Buy one, you'll love it.

RE: Waiting for Kindle 2.0
By Bateluer on 12/31/2008 8:08:41 AM , Rating: 2
The Kindle 1.0 is sold out right now, and will pretty much remain that way until Kindle 2 arrives. :p

RE: Waiting for Kindle 2.0
By knipfty on 12/31/2008 8:51:39 AM , Rating: 2
Just a rumor. The Kindle has been sold out before and will be sold out again. For some reason, Amazon just can't seem to get ahead of the demand for this device.

It is really a wonderful device at that. I've just started my 3rd book since receiving it for Xmas!

RE: Waiting for Kindle 2.0
By Oregonian2 on 12/31/2008 4:06:41 PM , Rating: 2
You're doing pretty good! I got mine for my birthday in November and I'm only on my eighth book (plus a few newspapers, blogs, etc).

second hand books
By wordsworm on 12/30/2008 11:01:03 PM , Rating: 2
When you can resell the titles that you buy, and public domain books are made available for free, I'll be interested in buying one of those. Until then they don't have much appeal. What I want to know is, what's the big deal behind Oprah?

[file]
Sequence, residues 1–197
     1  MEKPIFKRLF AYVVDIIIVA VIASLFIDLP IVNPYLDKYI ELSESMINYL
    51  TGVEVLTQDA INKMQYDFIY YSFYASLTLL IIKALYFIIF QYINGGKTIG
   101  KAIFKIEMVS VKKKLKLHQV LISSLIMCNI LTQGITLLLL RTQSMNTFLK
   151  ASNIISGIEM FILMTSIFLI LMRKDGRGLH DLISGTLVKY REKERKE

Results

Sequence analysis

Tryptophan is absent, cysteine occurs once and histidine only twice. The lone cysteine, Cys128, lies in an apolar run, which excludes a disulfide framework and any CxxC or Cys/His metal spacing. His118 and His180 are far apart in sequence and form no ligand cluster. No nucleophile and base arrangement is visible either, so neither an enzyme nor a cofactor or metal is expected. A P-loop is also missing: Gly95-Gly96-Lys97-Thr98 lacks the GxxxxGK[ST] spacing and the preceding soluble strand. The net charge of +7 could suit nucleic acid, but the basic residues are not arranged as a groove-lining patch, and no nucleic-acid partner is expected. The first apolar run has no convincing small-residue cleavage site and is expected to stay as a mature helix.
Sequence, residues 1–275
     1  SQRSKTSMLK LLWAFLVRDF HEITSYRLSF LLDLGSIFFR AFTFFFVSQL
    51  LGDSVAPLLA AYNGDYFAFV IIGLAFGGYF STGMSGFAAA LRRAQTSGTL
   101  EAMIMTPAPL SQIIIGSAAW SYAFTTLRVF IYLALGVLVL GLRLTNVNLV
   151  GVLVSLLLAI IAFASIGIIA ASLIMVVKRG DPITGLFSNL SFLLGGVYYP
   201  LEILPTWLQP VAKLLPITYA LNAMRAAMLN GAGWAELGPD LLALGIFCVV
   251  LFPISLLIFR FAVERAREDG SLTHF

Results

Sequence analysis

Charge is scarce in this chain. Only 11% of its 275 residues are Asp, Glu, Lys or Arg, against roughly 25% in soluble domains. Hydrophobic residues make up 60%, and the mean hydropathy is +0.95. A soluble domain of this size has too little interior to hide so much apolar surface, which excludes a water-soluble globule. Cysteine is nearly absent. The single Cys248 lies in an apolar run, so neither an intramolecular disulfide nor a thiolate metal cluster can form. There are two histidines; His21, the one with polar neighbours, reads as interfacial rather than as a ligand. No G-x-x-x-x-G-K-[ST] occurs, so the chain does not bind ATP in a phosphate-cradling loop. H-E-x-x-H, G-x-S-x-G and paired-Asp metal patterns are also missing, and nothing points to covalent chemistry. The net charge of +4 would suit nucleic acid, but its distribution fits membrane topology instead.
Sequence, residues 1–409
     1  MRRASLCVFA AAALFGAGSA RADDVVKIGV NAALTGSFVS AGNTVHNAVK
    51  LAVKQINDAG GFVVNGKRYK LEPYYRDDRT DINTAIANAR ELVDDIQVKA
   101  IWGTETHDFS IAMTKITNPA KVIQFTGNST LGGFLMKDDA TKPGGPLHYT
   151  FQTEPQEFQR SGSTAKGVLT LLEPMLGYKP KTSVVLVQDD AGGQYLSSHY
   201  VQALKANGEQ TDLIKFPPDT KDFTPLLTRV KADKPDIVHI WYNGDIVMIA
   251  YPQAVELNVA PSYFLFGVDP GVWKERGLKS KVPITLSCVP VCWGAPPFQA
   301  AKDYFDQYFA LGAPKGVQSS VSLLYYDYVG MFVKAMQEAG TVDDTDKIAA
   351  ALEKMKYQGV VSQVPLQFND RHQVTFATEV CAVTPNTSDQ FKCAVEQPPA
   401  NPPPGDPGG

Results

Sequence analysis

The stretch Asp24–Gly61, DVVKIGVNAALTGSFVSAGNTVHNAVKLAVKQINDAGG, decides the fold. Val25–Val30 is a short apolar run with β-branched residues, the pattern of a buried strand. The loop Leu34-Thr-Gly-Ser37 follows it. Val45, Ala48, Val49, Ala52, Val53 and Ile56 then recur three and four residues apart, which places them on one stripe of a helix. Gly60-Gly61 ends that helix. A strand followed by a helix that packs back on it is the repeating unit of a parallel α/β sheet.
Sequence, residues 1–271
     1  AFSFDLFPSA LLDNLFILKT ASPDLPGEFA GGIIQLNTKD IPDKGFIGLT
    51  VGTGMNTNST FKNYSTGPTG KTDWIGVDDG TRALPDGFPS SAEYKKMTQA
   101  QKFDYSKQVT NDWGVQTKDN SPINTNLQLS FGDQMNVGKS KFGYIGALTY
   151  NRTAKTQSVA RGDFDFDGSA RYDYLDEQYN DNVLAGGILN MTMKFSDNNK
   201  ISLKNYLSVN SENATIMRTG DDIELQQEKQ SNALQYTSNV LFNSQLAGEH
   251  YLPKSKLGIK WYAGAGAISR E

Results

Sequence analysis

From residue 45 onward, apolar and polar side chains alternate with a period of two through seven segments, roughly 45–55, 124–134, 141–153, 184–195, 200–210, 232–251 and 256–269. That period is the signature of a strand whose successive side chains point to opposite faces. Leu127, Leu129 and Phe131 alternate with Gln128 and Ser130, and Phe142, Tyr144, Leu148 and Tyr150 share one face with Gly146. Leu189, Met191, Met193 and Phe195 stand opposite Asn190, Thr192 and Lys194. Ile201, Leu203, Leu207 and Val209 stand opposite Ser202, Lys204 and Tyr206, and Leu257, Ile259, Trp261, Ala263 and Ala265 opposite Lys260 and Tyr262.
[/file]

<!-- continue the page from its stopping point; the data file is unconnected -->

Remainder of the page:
RE: second hand books
By knipfty on 12/31/2008 9:11:07 AM , Rating: 2
You can share books between Kindles on the same account (up to 6).

Public domain books (those which are no longer covered by copyrights) can be loaded for free.

I have downloaded a number of books from Project Gutenberg. The 1st one I read was the Go-Getter. (Great little book by the way).

You can also load your own personal docs that Amazon will convert for you or you can convert yourself!

RE: second hand books
By wordsworm on 12/31/2008 12:17:53 PM , Rating: 2